To choose the suitable carabiner, you need to understand several related properties of the carabiner before purchasing the carabiner. Otherwise, you may choose the wrong product, which will affect the mountaineering experience and even life safety.
Properties of carabiner
carabiners come in many sizes. Large mountain buckles are usually easier to handle and clamp (they have larger door openings), and they can accommodate more equipment inside. They are usually used with protection and rope devices. Smaller mountain buckles are lighter and take up less space on the rack, but they may be more challenging to grip.
When checking the dimensions of the carabiner, you may need to pay attention to the door opening clearance in mm. This number refers to the width of the door that can be opened, plus the depth and shape of the bottom of the carabiner below the door. Generally speaking, the smaller the carabiner, the smaller the clearance it provides.
Too small door opening clearance may cause fingers to get stuck between the door and the carabiner body when clamping; Too deep clearance will also make it difficult to clamp the carabiner. The ideal amount can easily clip the carabiner.
Generally speaking, the less weight you carry when climbing, the better. But lighter mountain buckles are not always the best. Ultralight mountain buckles are usually smaller, making them more challenging to use when cutting ropes or bolts. In addition, light carabiners usually use narrow pole frames, which may mean lower door opening strength and shorter service life. Narrow carabiners can also cause more rope wear because narrow ends, like edges, bite into the heavier rope as they slide.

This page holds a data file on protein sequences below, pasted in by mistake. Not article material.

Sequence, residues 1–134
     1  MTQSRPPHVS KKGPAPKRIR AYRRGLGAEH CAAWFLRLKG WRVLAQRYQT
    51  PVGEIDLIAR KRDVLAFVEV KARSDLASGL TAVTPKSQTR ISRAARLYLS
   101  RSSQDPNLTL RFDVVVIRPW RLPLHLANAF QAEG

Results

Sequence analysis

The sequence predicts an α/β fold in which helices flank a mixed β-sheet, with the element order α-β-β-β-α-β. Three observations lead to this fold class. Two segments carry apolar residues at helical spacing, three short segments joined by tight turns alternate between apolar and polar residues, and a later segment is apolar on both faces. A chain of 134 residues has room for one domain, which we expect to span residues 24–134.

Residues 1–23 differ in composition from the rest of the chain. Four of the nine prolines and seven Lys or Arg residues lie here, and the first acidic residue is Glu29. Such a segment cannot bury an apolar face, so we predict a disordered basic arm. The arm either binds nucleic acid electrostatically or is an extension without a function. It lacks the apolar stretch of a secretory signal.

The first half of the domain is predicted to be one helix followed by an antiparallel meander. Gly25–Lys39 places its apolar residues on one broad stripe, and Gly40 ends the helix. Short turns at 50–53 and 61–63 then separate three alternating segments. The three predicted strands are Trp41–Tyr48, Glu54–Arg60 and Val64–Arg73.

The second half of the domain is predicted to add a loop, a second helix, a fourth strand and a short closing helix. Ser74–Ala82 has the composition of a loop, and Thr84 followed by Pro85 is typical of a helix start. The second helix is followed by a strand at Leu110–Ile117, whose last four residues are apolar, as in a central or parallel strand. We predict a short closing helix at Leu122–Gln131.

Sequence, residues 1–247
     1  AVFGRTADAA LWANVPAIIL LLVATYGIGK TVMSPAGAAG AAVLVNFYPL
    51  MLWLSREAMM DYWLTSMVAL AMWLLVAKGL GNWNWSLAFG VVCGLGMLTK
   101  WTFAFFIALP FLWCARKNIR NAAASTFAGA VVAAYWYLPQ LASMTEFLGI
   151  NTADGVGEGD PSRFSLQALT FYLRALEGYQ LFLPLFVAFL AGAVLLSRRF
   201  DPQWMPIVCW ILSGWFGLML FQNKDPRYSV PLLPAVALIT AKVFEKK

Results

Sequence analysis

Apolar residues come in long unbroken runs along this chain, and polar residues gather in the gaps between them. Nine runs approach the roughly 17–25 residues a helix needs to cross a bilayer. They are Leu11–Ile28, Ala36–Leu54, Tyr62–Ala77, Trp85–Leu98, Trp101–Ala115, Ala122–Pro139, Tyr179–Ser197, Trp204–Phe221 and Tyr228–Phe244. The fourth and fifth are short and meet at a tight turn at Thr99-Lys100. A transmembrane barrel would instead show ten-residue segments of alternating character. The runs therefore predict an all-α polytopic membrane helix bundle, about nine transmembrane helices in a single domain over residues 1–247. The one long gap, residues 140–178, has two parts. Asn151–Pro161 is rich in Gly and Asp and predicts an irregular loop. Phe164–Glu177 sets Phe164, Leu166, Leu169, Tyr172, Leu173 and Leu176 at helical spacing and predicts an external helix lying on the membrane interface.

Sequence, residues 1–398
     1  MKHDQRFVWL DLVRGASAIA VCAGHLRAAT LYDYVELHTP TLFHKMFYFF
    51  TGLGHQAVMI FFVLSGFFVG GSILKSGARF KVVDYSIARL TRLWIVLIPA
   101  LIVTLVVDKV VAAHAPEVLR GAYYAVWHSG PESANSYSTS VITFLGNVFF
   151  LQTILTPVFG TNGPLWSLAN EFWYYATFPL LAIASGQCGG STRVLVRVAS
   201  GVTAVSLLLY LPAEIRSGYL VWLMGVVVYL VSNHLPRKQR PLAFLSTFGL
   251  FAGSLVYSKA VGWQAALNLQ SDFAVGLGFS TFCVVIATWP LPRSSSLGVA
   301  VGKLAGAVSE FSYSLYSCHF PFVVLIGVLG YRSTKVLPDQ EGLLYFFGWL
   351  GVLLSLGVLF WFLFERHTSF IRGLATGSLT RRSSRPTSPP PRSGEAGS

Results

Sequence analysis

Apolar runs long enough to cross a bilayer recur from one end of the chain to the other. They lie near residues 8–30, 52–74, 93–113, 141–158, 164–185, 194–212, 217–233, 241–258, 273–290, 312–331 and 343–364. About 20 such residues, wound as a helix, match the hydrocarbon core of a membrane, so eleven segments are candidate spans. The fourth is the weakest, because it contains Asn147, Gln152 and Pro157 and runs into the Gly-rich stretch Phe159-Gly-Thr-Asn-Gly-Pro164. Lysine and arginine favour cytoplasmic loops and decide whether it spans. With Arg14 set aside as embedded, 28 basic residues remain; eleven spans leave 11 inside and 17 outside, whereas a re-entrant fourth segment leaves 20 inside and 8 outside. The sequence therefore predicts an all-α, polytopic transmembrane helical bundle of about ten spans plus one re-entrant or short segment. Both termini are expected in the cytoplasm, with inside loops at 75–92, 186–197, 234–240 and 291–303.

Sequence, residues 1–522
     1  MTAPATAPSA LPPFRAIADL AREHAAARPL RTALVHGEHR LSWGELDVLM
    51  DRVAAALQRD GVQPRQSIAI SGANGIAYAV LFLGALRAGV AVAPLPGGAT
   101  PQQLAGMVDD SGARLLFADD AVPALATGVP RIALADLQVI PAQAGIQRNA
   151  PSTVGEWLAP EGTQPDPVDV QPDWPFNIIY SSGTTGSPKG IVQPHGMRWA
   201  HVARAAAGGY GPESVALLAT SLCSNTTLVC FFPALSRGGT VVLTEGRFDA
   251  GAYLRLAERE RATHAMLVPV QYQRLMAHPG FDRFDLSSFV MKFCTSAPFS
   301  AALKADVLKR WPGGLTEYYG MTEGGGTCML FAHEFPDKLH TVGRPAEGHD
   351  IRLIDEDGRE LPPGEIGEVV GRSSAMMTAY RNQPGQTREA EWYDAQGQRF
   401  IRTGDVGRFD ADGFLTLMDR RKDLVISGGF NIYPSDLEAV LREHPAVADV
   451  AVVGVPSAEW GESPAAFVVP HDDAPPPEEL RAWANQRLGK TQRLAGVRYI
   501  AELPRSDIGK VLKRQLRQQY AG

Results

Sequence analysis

Strength of carabiner
The strength rating of the carabiner is in three directions: longitudinal (long axis), lateral (short axis), and open (long axis open or “door open”). These grades are usually marked on the spine of the carabiners. All carabiners pass uiaa and CE standards, which means that they are strong enough as long as you use them correctly. Door opening strength and stub shaft strength are where you see the most changes.
Here are some ways you can use strength levels: if you have narrowed down your search to several different carabiners that suit your climbing style, consider strength levels as one of the final decision points. If a carabiner can provide everything you need and is more potent than other carabiners, you might as well choose that one. Remember that smaller and lighter mountain buckles are usually weaker than larger and heavier mountain buckles, but this is not always the case.
Note on door crack: almost any climbing and falling power may lead to door crack, which will reduce the overall strength of the carabiner to its opening strength, thus increasing the possibility of fracture of the carabiner. It can occur when:
The inertia of the door overcomes the spring tension that holds it in place.
A door collides with another object.
To protect yourself from the failure of such a carabiner, choose a carabiner with a specific door design (e.g., wire door) and severe spring tension. You can also select the carabiner with locking and high opening strength (REI provides the closing and opening strength levels on the product page specification tab). Seek advice from experienced REI sales personnel.